Cable TV Reception


  #1  
Old 11-18-03, 06:10 AM
ricciuto
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Cable TV Reception

Cable TV cabling in my house was installed prior to my moving in. It looks like an albatross of cable througout the basement. I have poor reception in bedroom yet at the main tv in living room it is better but not exceptional. The "cable guy" says my signal is fine. How can I determine where the problem lies. Is it splitters, cables, or what?
 
  #2  
Old 11-18-03, 08:13 AM
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Start where it enters the house and track from there. More than three lines running from a single entry line will degrade the signal necessitating an amplifier to boost the signal to acceptable levels.

There are many splitters and amplifiers available on the secondary market. Disconnecting unused lines will help the overall signal strenght, especially if this will lower the total connections to three.

Ideally, all the cable will be RG6. It should all connect with F or appropriate connectors to connecting blocks or terminals for the television receiver. It should not be spliced with tape and such.

The tech may be telling you that the signal is fine at the entry point but not acccounting for all the other lines inside.

Hope this helps. Post back if you need anything more.
 
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Old 11-18-03, 08:20 AM
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It also helps if you terminate unused outlets - you can get some screw-on F-terminators at the Depot. If you find splitters with unused outlets, put terminators there too - in other words, try not to leave any openings to the let the signal out (ok, so it doesn't really get out )

Good luck!
 
  #4  
Old 11-18-03, 09:36 AM
Nucleus
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Originally posted by chfite
More than three lines running from a single entry line will degrade the signal necessitating an amplifier to boost the signal to acceptable levels.
Not true. The signal should be high enough to handle 6 drops, with a single splitter.

Disconnecting unused lines will help the overall signal strenght, especially if this will lower the total connections to three.
Disconnecting other lines will do nothing for you, unless that means removing splitters. Once a splitter is used, you have the stated loss on all ports for that splitter, whether used or not.

The tech may be telling you that the signal is fine at the entry point but not acccounting for all the other lines inside.
Going back to point number 1.
 
  #5  
Old 11-18-03, 09:41 AM
Nucleus
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Re: Cable TV Reception

More than likely you have a run going to the LR with a 2-way splitter. Then from that second line it's going to the other rooms, including the bedroom with poor reception, possibly with more splitters too. Your best bet is to see if there is a central location you could mount a single splitter to feed all rooms.
 

Last edited by SafeWatch; 11-18-03 at 09:57 AM.
  #6  
Old 11-18-03, 11:54 AM
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More than three lines running from a single entry line will degrade the signal necessitating an amplifier to boost the signal to acceptable levels.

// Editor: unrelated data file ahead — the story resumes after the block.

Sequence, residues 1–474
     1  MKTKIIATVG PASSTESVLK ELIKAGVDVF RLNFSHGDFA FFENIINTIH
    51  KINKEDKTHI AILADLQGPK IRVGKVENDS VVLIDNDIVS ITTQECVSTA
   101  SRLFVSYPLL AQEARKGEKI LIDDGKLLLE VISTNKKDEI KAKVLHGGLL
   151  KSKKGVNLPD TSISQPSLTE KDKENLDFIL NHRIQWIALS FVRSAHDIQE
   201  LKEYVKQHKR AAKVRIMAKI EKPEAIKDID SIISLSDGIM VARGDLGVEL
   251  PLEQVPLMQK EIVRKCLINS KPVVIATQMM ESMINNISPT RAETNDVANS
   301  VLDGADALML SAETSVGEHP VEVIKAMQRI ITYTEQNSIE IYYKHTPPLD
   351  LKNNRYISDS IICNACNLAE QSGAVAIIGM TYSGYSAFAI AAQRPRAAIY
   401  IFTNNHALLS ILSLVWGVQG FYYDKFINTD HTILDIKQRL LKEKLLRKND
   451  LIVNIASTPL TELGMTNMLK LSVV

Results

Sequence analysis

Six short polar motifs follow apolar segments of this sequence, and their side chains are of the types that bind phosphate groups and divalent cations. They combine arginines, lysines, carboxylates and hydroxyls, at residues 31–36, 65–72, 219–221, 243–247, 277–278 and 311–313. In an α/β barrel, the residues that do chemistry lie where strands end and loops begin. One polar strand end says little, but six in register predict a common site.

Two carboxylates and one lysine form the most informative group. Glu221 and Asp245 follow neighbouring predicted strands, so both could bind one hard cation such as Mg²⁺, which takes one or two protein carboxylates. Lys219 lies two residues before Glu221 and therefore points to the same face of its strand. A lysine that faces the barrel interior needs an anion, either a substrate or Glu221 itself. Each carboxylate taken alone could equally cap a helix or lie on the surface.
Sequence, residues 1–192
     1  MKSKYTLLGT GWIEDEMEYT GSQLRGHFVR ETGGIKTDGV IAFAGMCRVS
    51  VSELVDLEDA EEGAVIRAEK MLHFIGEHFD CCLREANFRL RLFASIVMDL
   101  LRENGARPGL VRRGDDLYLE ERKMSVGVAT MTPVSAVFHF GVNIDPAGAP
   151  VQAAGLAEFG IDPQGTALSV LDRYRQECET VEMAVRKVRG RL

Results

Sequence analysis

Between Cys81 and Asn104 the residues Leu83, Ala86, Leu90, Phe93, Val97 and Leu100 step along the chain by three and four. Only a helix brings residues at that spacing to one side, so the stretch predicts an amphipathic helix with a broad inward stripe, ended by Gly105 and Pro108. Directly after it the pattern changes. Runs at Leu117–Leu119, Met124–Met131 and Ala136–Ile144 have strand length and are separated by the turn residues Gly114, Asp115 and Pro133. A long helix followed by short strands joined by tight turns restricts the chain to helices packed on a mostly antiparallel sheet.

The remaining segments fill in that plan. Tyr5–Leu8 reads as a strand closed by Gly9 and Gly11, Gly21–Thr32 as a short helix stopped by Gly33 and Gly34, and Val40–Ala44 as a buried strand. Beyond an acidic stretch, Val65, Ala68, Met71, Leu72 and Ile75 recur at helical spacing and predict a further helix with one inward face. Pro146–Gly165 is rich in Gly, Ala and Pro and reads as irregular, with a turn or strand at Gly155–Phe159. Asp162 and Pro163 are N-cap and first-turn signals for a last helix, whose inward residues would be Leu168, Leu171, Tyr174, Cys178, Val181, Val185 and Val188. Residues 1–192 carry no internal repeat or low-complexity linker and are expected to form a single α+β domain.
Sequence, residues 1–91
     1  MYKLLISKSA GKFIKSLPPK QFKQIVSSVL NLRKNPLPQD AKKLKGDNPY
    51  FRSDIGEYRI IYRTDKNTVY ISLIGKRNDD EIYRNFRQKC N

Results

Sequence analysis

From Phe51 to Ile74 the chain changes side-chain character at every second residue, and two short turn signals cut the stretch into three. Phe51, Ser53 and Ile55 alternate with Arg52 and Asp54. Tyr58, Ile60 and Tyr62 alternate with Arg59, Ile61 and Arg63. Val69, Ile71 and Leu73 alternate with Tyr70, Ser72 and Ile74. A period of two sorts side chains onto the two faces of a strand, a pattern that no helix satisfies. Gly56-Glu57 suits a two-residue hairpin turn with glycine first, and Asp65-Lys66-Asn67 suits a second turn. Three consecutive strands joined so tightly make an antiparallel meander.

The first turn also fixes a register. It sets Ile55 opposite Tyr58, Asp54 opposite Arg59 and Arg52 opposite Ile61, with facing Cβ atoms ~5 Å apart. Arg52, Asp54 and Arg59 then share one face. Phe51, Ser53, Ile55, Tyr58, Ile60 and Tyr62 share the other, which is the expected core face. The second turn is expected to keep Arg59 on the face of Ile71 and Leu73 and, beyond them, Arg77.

Not true. The signal should be high enough to handle 6 drops, with a single splitter.
If you have enough of a signal to tolerate a 7 dB loss per leg for 6 connections. A 7 dB loss would leave you with one-fifth of the original signal. Our cable company requires an amp for more than 3 lines, in order to guarantee sufficient signal. Apparently, it does not want subscribers with that much loss in the lines. Your company may operate differently or provide a stronger signal. Local practices and individual experiences vary.

The tech may be telling you that the signal is fine at the entry point but not acccounting for all the other lines inside.
Going back to point number 1
Depending upon how the house is wired. Quality of cable and equipment can affect overall performance.

albatross of cable througout the basement.
Sounds as if there is a rat's nest of wiring.

Disconnecting the line without removing the splitter does nothing. Absolutely. A point that should have been made instead of assuming that one would otherwise do so.
 
  #7  
Old 11-19-03, 05:13 AM
ricciuto
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Thanks for all your repsonses. Looks like I got to fish out some cables and put terminations in. The guy who lived here before me must have had a surplus of cable and used it like he needed to stash it. Splitters every where. Please answer one more question for me.

Where would a sgnal amplifier be installed and would this help out some of my problem for improved reception?
 
  #8  
Old 11-19-03, 05:36 AM
Nucleus
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You're better off removing all of the splitters and using just one. Also, if you have the tools, cut down the runs so there is only minimal slack left. Most amplifiers that are inexpensive will not give you the results you're looking for. Also, you will probably end up over amplifying the first TV, trying to get a good signal on the last. If you can, I'd run a brand new RG6QS cable from the cable entry point to a splitter and then each run from there. Besides, the less connections the better and you'll be a lot happier with the results. The basic tools and connectors are cheap.

Good Luck.
 
 

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